announces recertification changes
Letter from American Board of Obesity Medicine Board Chairman Louis J. Aronne:
I am excited to be able to greet you for the first time as the Chairman of the American Board of Obesity Medicine. Having been present for the founding of the board, I am extremely excited to see the progress and growth we have experienced.
We administered our 2015 exam in December to the largest applicant pool yet. We have seen a steady increase in the number of physicians taking the certification exam every year over the five years we have offered it, and have now surpassed other well-established specialties in the number of certificates issued annually. We believe that this steady increase parallels the increasing recognition of obesity as a disease, and obesity medicine as one of the leading specializations to manage it.
The ABOM board of directors takes its responsibility to lead seriously, and that extends beyond maintaining standards and overseeing the creation of the certification exam. We have listened closely as Maintenance of Certification (MOC) has grown as the subject of much debate in the medical community. In the minds of many physicians, MOC has become an economic and time burden that may not produce better patient care.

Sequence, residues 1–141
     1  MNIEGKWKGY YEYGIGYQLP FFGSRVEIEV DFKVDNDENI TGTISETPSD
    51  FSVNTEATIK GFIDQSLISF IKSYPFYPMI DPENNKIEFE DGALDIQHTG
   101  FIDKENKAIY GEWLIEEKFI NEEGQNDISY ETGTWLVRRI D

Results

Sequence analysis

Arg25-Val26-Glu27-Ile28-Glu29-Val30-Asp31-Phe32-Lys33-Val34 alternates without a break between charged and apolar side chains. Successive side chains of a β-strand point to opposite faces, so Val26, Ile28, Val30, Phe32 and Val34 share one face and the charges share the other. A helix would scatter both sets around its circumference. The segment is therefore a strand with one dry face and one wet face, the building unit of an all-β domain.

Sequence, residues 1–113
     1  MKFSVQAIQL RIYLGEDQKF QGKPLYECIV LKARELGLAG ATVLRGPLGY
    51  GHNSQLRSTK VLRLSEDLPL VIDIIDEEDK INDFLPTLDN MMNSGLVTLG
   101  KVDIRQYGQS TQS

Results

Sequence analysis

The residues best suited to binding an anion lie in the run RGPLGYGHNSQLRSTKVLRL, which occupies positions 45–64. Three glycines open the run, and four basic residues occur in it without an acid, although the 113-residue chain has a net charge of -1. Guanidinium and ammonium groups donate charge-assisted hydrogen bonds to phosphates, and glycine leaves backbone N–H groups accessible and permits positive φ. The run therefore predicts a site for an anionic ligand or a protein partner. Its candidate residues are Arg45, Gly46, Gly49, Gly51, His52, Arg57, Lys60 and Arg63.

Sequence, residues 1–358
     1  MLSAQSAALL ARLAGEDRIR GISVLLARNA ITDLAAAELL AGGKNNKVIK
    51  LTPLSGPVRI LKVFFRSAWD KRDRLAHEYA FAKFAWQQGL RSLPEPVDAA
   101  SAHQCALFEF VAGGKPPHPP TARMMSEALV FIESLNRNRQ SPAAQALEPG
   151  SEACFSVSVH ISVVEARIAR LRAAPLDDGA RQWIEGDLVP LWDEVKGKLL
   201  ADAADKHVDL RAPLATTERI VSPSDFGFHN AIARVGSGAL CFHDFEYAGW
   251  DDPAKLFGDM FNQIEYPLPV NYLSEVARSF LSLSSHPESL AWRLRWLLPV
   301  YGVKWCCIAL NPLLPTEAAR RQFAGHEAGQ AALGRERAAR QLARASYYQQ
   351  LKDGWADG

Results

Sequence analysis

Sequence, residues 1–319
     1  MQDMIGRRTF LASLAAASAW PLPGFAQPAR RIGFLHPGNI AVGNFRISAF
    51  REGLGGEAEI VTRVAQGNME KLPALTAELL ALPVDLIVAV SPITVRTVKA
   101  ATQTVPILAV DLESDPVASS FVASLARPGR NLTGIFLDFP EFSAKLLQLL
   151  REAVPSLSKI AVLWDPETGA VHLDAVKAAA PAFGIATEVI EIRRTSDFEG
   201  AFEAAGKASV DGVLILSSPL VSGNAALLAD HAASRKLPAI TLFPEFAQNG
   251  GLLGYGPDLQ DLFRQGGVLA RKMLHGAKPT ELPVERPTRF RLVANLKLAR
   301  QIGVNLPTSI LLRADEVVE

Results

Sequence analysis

In response to these concerns, and after careful evaluation and consideration, we have decided to lengthen the term of certification for all ABOM diplomates from seven years to 10 years. All current diplomates will receive a three-year extension and will be issued a new diploma with an updated expiration date. In addition, the requirement for recertification will now include 120 hours of AMA PRA Category 1 CME on obesity-specific topics, which can be completed during live meetings or through at-home study over the 10-year period. Recertification will continue to require meeting all of the requirements of licensure, residency completion, ABMS board certification, and passing the obesity medicine exam. We believe this new approach will provide our diplomates with maximum value, while maintaining our standards for quality care. I encourage all of you to read about the details of the updated recertification process on the ABOM website here: http://abomfoundation.org/recertification/.
As medical education continues to evolve, further adjustments may be necessary. When considering any changes, the board will strive to keep the best interests of current and future diplomates in mind in order to continue the tremendous progress ABOM has made to date.
Best wishes for a safe, healthy, and productive new year.
Louis J. Aronne, MD
Sanford I. Weill Professor of Metabolic Research
Weill Cornell Medical College